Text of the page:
'Does that work?' said I innocently.

'Well of course it does you silly man, how can I get around if there's no petrol in the car?!' she retorted.

'No... I meant the carrot tops!"


"Planting carrot-tops... do they grow again?" I asked.

"Dunno - but it's worth a try, it's such a waste otherwise"

"Well, in your quest to save the planet and your bank account I trust you're combining the petrol trip with another in the same area - it's a 10 mile round-trip isn't it?" I said.

"I'm doing even better than that" said Vera "Don't forget I've got my free bus-pass - I'm going on the bus! Won't cost me anything!"

There's really no answer to that is there?

Anyway as I write, the rain continues after cancelling yet another moth night but last Friday the WuFuV's dodged the rain (well mostly dodged the rain) to carry out another of our Heathland Project Surveys, this time led by Margaret, which necessitated several of us having to remind Steve that this was led by Margaret! In fact at one point we had to stuff an Elephant Hawkmoth in his mouth and cover his head with a net!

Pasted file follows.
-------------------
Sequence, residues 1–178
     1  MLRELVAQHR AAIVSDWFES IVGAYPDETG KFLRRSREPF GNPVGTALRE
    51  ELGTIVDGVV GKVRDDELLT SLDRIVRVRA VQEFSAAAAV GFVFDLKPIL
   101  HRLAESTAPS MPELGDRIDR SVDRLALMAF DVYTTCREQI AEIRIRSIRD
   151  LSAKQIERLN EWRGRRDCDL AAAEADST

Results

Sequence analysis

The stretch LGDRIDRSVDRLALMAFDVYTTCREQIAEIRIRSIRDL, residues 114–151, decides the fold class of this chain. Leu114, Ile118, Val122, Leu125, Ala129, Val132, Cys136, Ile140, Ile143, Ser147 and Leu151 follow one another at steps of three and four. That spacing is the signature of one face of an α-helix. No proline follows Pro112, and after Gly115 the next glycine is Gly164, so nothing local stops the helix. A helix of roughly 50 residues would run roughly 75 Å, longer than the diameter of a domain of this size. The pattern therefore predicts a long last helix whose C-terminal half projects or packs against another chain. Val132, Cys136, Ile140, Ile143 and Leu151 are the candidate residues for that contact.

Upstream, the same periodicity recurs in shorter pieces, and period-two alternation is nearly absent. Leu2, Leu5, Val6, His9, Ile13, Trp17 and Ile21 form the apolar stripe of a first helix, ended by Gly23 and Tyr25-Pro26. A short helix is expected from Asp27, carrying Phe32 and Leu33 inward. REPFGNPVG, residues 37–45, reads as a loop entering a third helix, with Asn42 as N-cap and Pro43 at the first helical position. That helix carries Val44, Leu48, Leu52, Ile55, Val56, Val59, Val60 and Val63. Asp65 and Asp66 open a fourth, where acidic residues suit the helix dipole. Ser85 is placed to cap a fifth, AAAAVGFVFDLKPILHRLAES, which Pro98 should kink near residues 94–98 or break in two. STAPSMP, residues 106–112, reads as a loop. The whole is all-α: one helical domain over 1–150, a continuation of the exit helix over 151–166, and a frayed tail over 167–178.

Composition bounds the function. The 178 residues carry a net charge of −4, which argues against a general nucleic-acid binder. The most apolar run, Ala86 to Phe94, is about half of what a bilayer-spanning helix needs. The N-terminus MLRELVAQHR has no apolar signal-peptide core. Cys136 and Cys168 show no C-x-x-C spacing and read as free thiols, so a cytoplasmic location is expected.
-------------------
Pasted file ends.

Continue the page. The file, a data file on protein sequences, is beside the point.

We know how to treat persistent offenders!

It was an excellent day out - always good fun and we managed to not only survey the areas in the remit but had time left over to amble and bimble through Fletcher's Meadow - a place often talked about yet seldom found - you have to enter through a secret doorway midst the hazel and hawthorn - there's even a man stands the other side with a funny handshake and a wheelbarrow made of stone

On leaving the site a lady with a flat-pack bottle of milk counts everyone out, no-one is allowed to stay for more than an hour. It's a very secret place and I doubt that anyone who was there that day will ever be able to find it again. Great mystery surrounds it still.

Even attempting to disguise yourself doesn't help...

There must be something in the water!

We managed to ID all the micro-moths on site which must have been a first - Keith and I usually end up with pockets full of them to ID (or attempt to) later. Spiderman Nigel had committed himself to not looking at spiders for the whole day as he didn't want his backlog of 125 to build anymore so he only took 23 away today!

Although the heathland areas we surveyed proved to be virtually non-existent as heathland areas it was nonetheless an excellent day out between the showers.